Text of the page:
The Great Escaper review | An emotional true story

Michael Caine and John Standing in The Great Escaper.
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Michael Caine shines in The Great Escaper – an emotional and personal true story about a veteran breaking out of his care home for the 70th anniversary of D-Day. Our review:

Based on the true story of World War II veteran Bernard Jordan’s journey to France for the 70th anniversary of the D-Day Landings, The Great Escaper was always going to be an emotional film. What’s truly striking about it, though, is its quiet intensity. So much of this film is fuelled by the incredible performances of Sir Michael Caine, as Jordan, the late Glenda Jackson as his wife Irene, and John Standing as a fellow veteran Jordan meets on his journey. The movie’s emotion comes largely from the small changes in expression, the haunted looks, and everyone in the cast conveys the biggest amount of feeling through the smallest of gestures.

Jordan, who was 89 years old when he ‘escaped’ his care home to make the journey to France, became somewhat of a news sensation at the time. The Great Escaper, though, positions itself as taking the puff pieces that were written about Jordan’s trip and telling the ‘real’ story behind them – a story about PTSD, the horrors of war, and of the toll of ageing. Amongst that, though, is also the more light-hearted tale of Bernard’s long marriage to his wife.

Caine inhabits the role incredibly well, although William Ivory’s screenplay also allows his own personality to shine through. As we become acquainted with Bernard through his daily walks along the sea front, where he indulges in a cup of tea with four sugars, Caine gets to fire off some excellent ‘bloodys’ and ‘blimeys’ – and, on one occasion, something a little bit stronger.

The character is Bernard Jordan, but, especially with Caine so close in age to the person he plays, it’s easy to see Caine also a bit as himself. The result is that his version of Bernard is so easily likeable. Glenda Jackson’s Irene, who initially berates Bernard for going through all of his old wartime photos, is a more sharp-tongued character. But when Bernard expresses a need to head to France for the D-Day anniversary celebrations, she sees how much the trip means to him. Irene isn’t quite as nimble as Bernard, and remains at the care home as he departs for France.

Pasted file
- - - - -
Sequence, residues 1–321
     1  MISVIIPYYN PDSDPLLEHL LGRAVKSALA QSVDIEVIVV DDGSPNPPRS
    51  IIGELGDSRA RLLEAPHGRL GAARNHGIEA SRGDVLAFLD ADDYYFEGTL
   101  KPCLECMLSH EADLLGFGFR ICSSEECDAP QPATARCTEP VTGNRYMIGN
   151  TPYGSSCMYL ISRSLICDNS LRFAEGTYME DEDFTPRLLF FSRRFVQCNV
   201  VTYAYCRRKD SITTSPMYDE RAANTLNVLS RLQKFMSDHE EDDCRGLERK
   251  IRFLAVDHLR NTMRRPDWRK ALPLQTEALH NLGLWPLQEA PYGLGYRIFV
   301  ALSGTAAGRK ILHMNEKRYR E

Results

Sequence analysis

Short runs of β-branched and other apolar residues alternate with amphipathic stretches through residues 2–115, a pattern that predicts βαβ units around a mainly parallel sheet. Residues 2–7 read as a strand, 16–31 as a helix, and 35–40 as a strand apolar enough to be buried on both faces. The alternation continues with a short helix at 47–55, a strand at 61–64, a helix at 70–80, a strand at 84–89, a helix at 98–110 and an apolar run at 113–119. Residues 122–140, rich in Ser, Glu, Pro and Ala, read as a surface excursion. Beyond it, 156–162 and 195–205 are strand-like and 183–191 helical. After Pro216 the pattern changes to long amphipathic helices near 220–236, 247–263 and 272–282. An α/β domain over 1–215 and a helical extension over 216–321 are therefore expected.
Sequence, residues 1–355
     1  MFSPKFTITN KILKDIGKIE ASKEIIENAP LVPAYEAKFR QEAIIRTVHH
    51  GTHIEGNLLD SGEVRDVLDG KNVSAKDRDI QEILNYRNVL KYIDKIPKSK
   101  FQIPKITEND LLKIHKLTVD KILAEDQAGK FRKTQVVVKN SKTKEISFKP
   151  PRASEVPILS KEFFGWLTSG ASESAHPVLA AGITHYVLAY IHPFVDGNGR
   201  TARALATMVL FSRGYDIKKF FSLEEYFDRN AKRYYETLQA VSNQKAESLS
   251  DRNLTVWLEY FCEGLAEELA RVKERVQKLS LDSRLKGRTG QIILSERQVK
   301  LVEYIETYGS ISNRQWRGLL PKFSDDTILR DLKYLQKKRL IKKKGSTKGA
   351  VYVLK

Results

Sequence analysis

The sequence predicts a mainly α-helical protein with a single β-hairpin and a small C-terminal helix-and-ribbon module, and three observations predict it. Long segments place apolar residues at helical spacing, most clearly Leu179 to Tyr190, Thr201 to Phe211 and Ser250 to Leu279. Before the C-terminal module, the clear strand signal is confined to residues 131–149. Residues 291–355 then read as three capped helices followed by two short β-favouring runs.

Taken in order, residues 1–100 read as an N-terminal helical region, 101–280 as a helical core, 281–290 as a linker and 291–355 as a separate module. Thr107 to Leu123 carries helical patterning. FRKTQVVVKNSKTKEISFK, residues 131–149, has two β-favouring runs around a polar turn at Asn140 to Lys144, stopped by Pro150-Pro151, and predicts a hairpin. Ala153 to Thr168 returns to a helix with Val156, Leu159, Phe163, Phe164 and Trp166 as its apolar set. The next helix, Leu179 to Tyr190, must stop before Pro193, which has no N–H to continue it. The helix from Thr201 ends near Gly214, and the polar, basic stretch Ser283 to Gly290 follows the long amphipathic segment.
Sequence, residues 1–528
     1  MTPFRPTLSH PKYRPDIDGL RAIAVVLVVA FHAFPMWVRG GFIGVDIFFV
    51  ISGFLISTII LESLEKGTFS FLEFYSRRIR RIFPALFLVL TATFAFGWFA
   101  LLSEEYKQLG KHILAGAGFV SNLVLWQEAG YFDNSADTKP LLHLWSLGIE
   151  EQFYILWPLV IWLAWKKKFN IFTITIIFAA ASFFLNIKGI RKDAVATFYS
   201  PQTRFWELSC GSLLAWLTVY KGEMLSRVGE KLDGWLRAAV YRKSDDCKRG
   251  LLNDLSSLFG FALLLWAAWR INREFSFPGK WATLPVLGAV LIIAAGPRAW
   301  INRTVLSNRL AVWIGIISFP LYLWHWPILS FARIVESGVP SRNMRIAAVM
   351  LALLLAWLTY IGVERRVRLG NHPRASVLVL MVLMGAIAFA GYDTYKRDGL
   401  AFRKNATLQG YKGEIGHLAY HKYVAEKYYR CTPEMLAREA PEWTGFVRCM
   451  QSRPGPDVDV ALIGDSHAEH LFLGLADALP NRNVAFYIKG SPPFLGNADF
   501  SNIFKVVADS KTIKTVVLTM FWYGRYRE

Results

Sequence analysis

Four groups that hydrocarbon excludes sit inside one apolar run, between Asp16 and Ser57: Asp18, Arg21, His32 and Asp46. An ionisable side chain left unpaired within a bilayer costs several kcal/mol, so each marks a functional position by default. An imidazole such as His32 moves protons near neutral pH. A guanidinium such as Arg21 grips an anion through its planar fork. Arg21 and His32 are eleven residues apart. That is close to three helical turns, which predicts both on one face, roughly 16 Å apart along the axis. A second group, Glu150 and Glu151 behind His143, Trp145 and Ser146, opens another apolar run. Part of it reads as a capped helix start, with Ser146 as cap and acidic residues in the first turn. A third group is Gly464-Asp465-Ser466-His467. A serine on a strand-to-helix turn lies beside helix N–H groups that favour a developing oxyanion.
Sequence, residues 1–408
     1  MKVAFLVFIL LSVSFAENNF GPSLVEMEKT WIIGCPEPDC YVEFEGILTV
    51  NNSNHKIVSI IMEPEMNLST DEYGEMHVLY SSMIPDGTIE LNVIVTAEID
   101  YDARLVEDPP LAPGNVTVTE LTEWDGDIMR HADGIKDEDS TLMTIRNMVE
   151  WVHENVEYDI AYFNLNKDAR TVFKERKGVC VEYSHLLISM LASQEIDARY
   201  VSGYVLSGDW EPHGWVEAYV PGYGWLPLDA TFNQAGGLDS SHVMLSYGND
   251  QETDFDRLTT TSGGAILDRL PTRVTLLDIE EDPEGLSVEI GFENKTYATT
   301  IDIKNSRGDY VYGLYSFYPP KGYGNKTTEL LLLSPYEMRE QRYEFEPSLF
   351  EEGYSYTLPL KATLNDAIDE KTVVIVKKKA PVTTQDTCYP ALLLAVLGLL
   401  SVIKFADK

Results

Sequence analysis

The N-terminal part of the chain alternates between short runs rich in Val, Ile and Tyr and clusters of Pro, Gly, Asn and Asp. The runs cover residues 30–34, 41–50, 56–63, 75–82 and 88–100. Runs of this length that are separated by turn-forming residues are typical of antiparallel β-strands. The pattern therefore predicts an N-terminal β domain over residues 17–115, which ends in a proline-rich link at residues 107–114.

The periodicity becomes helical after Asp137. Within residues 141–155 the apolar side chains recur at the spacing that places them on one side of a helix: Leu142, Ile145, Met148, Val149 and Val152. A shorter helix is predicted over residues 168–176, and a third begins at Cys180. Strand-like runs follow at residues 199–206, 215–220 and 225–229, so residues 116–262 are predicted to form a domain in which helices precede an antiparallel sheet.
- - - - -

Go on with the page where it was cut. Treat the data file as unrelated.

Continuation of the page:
Michael Caine in The Great Escaper

Jackson’s endearing no-nonsense demeanour is a constant source of levity as the film flits between Bernard and Irene, and between its themes of war and romance. There are some lovely sepia-toned flashbacks to when the couple were younger and falling in love, and it provides some rare smiles in a film that can be quite sombre. The young actors – Will Fletcher and Laura Marcus – don’t get an awful lot to do, but Fletcher manages to emulate Caine’s distinctive accent well enough.

In the present day, Bernard embarks on his journey, and the film does work to draw attention to how great a journey it is for the aged veterans. At one point, we seemingly cut from outside the Dover ferry terminal to Caine on the top deck of the boat – only for the shot to move further out and reveal it’s a painted wall. He hasn’t reached the ferry yet. As much as The Great Escaper wants us to see the veteran’s harsh reality and the toll of age, it also acknowledges the scale of what Bernard manages to achieve.

On his trip, Bernard meets Arthur (John Standing), a former RAF pilot, and the scenes between the two are often devastating. It’s clear that neither of them have particularly recovered from what they’ve experienced. Bernard’s PTSD is conveyed through dark and grainy flashbacks, where the camera shakes and remains just slightly out of focus as it follows Bernard and his comrades in close up. They’re effective scenes, but somehow not as effective as Bernard and Arthur simply talking about how their lives have been affected.

The Great Escaper often feels like it’s simply happy to observe these conversations, and it proves to be a simple but effective approach. Caine is the emotional core of this film, and director Oliver Parker seemingly knows it. Rarely does the camera stray away from his face, and it hones in on an emotional, powerful performance as Bernard seeks to face his own demons and honour his fallen comrades.

The Great Escaper is in cinemas on 6th October.

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